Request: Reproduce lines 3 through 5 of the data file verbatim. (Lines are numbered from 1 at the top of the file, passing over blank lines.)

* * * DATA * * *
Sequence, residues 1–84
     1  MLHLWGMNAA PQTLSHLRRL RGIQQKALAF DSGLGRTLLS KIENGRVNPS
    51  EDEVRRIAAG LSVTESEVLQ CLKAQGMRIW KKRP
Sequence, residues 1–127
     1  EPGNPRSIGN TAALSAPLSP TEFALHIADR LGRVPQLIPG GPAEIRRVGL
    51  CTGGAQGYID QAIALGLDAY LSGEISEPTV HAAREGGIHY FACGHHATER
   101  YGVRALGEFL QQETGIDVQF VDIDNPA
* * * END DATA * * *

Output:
    51  EDEVRRIAAG LSVTESEVLQ CLKAQGMRIW KKRP
Sequence, residues 1–127
     1  EPGNPRSIGN TAALSAPLSP TEFALHIADR LGRVPQLIPG GPAEIRRVGL